September 19, 2014, 01:48:16 AM

Author Topic: Architectural Contrasts - with 24mm TS/E and 6D  (Read 1732 times)

PKinDenmark

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Architectural Contrasts - with 24mm TS/E and 6D
« on: February 05, 2014, 11:06:56 AM »
Went out to look for contrasting architecture.
Using 6D with Canon 24mm TS/E II, I got the following two, that I want to share here.

Location: Central Copenhagen, Denmark.
Both are using only the shift (not the tilt) capability of this great lens.
Both covers same subject matter: An old church reflected in modern office buildings.

1. ISO 100, 1/320s, f/8      - I like the layers of visibility: Direct, inside building, through building, reflection
2. ISO 400, 1/500s, f/7.1   - I like the lines

Any comments much appreciated.
Keen amateur. Current kit: Canon 6D since April 2013. 24-105 f/4, 70-200 f/4 IS, 50 f/1.4, 100 macro f/2.8 L IS, Canon 1.4x II TC, 16-35 f/2.8 (I). 420 EX.

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Architectural Contrasts - with 24mm TS/E and 6D
« on: February 05, 2014, 11:06:56 AM »

tolusina

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Re: Architectural Contrasts - with 24mm TS/E and 6D
« Reply #1 on: February 05, 2014, 07:54:24 PM »
Very nice! I like!
Good concept, well executed, both images grab the eye for a pause and a ponder, can't ask much more than that of an image.
 
Since so much of both images is the reflections, I do wonder what effects might have been possible using a polarizer, might have been fun though polarizers are tough to please at wide angles.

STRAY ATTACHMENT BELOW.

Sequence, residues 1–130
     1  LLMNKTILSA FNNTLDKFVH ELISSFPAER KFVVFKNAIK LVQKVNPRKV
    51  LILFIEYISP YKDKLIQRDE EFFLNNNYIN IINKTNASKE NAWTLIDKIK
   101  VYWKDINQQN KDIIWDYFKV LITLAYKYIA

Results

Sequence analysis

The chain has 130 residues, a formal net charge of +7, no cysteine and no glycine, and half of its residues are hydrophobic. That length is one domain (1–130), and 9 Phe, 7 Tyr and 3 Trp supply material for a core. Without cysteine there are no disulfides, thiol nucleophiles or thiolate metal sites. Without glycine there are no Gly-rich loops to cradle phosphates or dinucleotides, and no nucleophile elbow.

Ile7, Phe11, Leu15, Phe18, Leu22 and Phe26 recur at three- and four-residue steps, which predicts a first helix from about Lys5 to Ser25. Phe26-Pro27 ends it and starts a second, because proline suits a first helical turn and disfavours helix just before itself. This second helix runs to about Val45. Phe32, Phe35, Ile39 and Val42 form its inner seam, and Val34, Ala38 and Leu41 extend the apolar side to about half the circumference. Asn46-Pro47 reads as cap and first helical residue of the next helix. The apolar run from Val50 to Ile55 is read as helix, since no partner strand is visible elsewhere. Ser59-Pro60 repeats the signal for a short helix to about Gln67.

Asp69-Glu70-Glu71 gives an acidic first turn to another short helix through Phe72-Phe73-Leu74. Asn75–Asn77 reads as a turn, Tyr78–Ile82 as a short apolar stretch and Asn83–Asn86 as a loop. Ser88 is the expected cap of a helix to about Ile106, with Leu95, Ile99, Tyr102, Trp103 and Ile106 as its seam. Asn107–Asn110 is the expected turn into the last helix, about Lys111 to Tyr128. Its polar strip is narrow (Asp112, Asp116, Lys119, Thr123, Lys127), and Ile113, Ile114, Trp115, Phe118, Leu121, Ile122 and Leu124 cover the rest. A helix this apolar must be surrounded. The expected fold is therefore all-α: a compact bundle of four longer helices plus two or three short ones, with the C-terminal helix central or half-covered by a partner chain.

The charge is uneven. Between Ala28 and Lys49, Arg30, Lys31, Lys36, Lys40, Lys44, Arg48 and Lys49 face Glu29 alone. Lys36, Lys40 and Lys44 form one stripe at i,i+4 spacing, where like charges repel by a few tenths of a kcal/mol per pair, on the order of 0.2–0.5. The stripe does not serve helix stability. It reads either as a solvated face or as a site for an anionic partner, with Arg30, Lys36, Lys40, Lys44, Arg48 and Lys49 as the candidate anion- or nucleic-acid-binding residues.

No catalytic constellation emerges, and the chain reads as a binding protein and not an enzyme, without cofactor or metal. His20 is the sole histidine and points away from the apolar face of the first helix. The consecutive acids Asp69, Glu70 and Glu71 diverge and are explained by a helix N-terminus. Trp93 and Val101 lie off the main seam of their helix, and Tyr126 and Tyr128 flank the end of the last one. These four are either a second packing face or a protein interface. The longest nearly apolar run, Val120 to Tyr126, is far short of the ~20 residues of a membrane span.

---
There's a  24mm TS/E II in my B&H shopping cart for my 6D, you're making want haste in checking out.
---
Got any more fine reflections?
 
 

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old-pr-pix

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Re: Architectural Contrasts - with 24mm TS/E and 6D
« Reply #2 on: February 05, 2014, 10:49:18 PM »
I really like #2.  IMHO #1 has a little too much going on for my taste.  The question of potential impact of polarizer is interesting... generally I believe a polarizer would tend to kill reflections; but, it may be a way to adjust the intensity of the reflected image vs. the direct image.
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scottburgess

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Re: Architectural Contrasts - with 24mm TS/E and 6D
« Reply #3 on: February 05, 2014, 11:45:18 PM »
Went out to look for contrasting architecture.
Using 6D with Canon 24mm TS/E II, I got the following two, that I want to share here.

When you were using this lens, what technique did you use to straighten the lines--an electronic grid, or a grid on a special focus screen?  How hard was it to correct?  I've been curious about this, don't have much experience with TS-E lenses.

wtlloyd

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Re: Architectural Contrasts - with 24mm TS/E and 6D
« Reply #4 on: February 06, 2014, 12:07:33 AM »
Very nice compositions - and doesn't the snow on the steps of #1 just make the step inclusion work!

#2 equally nice, I think you need to pull the vertical just a bit straighter....

PKinDenmark

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Re: Architectural Contrasts - with 24mm TS/E and 6D
« Reply #5 on: February 06, 2014, 06:12:11 AM »
Thank you all for your feedback - and your time spent 'reading' my images.

Regarding reflections and potential use of polarizer: I had the same consideration, and decided not to pursue this, as I wanted strongest possible reflections (the polarizer in my view would weaken / remove these) - and by the way I do not have the CPL in 82mm, which this lens requires.
Any ideas on how to use a CPL to strengthen the refelction?

To old-pr-pix: Thank you for your comments re. #1 vs #2.  I agree on #1 being more busy, while #2 is cleaner and has stronger lines. However I can not decide which I prefer, as #1 has more variation and interesting colour-play going on, which I also like.

To wtloyd: Thank you for commenting on the patches of snow on the steps. They played a role in my choice of pov.

Regarding technique: I ensured the tripod was level, then set the lens at zero shift and made sure that my line of view was horisontal (in live view checking that vertical lines were actually vertical), then shifted the lens upwards to include the composition, that I wanted.